IT Needs Me?

By: Kate Willse
Account Executive, Student Senate

Who knew the information technology  (IT) world was a hotspot for marketing and public relations work? I definitely did not, until I received an offer to work as a public relations intern at an IT consulting firm in Cleveland, Ohio this summer. I figured I could give it a shot. It was near my hometown, and offered some great benefits. Little did I know I would become fully immersed in the IT world and proficient in a tech language that I never knew existed…and I was the girl who took my computer to the IT Depot every other day freshman year!

The internship presented an interesting challenge, but I was willing to take it on. After a few weeks I realized how very little technology professionals know about the basics of marketing and PR. My list of tasks began to grow exponentially and my PR plan became increasingly extensive. I thought that their website would be amazing and easy to navigate; however, it was unorganized and took much sifting to get to the information you wanted to find. All of this time I was worried I would have no work and would be making coffee runs all day. I was delighted to find that I was given so much power and freedom to brand a company and truly improve their image.

Four weeks later I am working with a part-time marketing professional to build a solid PR/ Marketing foundation for them to work from. I am responsible for creating a brand guide, and outlining their marketing standards. A guide I was not familiar with before I started the internship. It is interesting to see the collateral that a firm such as theirs uses and how they wish to market their software products in the same way P&G wants to market the Tide brand. The differences are astounding, but the similarities just as much.

For those of us fearing that the economy won’t pick up and we journalism students will be out of a job when we graduate; fear no more. It may not be your dream job in New York City working at a famous PR firm, but it could turn out to be as good, or even better. Think outside of the box, and look into fields that you would not normally consider for PR. Chances are, as I have found, they are the companies that need the most help, and guidance.

My advice: take a chance. Take that wacky job offer, and you just might be surprised.

Experience more with PRSSA

By: Sam Bartlett

Supervisor, E.W. Scripps School of Journalism and College Book Store accounts

As students, we’re told that we have to get good grades and get plenty of experience. Many college-aged-individuals don’t know where they want to work after they graduate or what they really want to do. A great way to figure out what you might be interested in doing is by going to Public Relations Student Society of America (PRSSA) meetings this upcoming year and becoming a dues-paying member.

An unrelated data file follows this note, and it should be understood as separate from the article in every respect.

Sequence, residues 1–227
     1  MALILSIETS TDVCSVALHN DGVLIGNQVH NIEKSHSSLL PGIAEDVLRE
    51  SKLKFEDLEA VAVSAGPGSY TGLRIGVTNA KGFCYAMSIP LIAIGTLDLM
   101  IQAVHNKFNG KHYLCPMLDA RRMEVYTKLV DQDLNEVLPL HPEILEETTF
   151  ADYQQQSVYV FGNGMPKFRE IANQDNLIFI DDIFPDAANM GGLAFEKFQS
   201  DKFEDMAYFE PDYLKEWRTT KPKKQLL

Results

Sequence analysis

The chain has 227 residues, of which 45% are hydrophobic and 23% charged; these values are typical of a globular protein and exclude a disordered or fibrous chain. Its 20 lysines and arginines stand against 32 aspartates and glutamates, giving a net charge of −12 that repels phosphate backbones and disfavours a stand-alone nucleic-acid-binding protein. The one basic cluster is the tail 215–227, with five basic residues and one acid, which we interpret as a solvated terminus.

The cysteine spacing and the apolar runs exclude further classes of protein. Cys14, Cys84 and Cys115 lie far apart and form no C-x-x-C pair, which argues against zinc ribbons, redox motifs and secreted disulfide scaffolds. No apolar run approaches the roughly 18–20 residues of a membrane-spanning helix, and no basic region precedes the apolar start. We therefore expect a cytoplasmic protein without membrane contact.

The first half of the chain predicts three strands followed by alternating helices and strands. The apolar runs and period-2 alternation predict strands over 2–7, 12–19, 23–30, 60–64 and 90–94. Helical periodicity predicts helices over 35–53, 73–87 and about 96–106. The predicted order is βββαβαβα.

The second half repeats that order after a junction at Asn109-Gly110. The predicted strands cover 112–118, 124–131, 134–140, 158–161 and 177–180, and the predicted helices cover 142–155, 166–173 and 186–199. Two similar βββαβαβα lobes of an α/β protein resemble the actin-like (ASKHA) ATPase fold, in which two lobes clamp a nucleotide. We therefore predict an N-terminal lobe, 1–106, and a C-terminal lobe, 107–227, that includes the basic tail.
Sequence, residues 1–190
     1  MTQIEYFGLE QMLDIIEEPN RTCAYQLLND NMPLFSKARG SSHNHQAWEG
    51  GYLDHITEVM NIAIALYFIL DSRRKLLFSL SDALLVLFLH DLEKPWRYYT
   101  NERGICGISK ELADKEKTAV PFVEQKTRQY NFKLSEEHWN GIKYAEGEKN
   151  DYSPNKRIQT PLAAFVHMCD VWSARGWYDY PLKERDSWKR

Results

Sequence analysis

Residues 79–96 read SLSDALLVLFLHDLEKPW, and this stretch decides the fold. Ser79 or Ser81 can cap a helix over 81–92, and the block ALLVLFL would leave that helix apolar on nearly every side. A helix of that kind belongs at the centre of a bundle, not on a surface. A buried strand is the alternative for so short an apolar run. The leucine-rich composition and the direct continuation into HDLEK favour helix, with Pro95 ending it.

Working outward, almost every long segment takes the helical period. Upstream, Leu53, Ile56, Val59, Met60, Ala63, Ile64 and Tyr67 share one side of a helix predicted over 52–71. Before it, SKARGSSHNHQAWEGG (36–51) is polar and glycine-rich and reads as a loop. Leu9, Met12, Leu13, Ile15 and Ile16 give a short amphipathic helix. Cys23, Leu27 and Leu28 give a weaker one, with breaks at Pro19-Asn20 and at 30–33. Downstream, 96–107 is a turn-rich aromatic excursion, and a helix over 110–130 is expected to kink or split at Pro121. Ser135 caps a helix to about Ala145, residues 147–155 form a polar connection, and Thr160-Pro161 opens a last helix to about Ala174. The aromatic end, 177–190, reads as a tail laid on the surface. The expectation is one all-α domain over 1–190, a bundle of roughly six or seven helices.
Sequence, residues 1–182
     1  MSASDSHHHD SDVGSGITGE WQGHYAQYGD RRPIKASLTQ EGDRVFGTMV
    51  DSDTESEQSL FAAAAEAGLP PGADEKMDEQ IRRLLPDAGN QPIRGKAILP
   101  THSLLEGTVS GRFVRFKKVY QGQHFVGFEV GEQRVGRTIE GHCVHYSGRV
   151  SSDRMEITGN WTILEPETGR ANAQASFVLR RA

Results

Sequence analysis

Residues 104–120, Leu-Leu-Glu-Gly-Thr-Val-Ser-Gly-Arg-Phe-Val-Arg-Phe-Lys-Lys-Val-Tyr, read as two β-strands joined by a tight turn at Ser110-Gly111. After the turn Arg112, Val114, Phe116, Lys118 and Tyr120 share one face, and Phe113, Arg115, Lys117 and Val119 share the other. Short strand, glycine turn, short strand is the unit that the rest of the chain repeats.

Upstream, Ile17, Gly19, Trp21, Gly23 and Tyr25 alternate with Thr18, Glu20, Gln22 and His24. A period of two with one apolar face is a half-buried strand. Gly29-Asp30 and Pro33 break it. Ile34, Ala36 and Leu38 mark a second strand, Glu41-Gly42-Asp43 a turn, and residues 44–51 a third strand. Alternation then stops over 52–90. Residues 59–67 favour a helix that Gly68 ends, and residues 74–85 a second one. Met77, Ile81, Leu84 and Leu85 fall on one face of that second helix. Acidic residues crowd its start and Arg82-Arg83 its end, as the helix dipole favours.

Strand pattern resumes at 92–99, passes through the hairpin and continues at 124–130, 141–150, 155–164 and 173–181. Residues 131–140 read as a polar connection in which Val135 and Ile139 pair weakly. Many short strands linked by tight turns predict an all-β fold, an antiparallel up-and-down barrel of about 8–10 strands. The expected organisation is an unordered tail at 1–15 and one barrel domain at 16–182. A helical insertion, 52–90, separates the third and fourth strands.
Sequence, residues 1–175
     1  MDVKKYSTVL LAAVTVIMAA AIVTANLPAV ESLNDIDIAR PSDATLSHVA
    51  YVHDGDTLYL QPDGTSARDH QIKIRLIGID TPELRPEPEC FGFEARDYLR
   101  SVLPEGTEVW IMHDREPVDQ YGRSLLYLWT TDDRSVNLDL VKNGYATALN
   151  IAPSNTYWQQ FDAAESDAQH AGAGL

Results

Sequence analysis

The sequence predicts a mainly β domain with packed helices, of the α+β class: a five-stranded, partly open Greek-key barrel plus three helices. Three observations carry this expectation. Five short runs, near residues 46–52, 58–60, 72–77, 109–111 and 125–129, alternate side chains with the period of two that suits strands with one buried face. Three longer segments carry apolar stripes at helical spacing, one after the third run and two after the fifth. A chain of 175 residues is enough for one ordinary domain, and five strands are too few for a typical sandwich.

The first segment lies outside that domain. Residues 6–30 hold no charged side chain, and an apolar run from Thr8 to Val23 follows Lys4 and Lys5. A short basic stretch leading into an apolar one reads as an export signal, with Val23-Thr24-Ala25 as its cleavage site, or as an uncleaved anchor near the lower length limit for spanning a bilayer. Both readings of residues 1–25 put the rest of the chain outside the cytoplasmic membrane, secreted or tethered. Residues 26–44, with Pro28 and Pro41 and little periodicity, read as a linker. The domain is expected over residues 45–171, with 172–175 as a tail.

But what is the benefit of joining PRSSA? Every Monday night, at 6 p.m., there are various guest speakers that are currently either working in the PR field or that will help individuals become better leaders and young professionals. These specialists work in all areas of PR: agency, government, corporate, entertainment and any other area one might think of.

Listening to those who are currently working in the field is great because you catch a glimpse of what the real world will be like. Each professional gives their presentation, whether it is on what they do and what services their company provides or tips and advice for attendees. There is also always a question and answer segment at the conclusion of each meeting.

Another great thing about joining PRSSA is the connections that one makes. Not only are you surrounded by students who you can later work with, but you’re also in a room with professionals that can help you out down the road. They can easily give you advice, look over your resume, or tell you about job openings.

Our chapter of PRSSA is also committed to participating at National Conference and local PaRtners Conference as well as going on a networking trip each year as a chapter to visit agencies and PR organizations. Meeting other students and professionals at these conferences will put you above and beyond the “average joe” graduating college because you know who to talk to and how to talk to them.

There are also monthly luncheons that students can attend that have various themes where professionals and students get to meet and mingle on a personal level.

The level of importance of joining PRSSA is so high, that many of our past professionals have told us that when they are looking through resumes and they don’t see that the person is a dues-paying member, that those people are automatically put in the “no” pile.

After becoming a dues-paying member, you’re given a password for the professional level Public Relations Society of America (PRSA) website in order to look at job and internship listings that are not listed anywhere else. There is also a list of contacts of those active in PRSA that are around the country that are great resources for post-graduation plans.

The majority of our guests are also Bobcats. The green blood runs deep and you’ll learn once you join PRSSA, that Bobcats are always willing to help a Bobkitten.

On a personal note, I joined PRSSA because I knew that it would help me in my professional world, but I have also met some of my best friends in our chapter. And who doesn’t need some more love in their life?

Check out Ohio University’s PRSSA chapter blog here.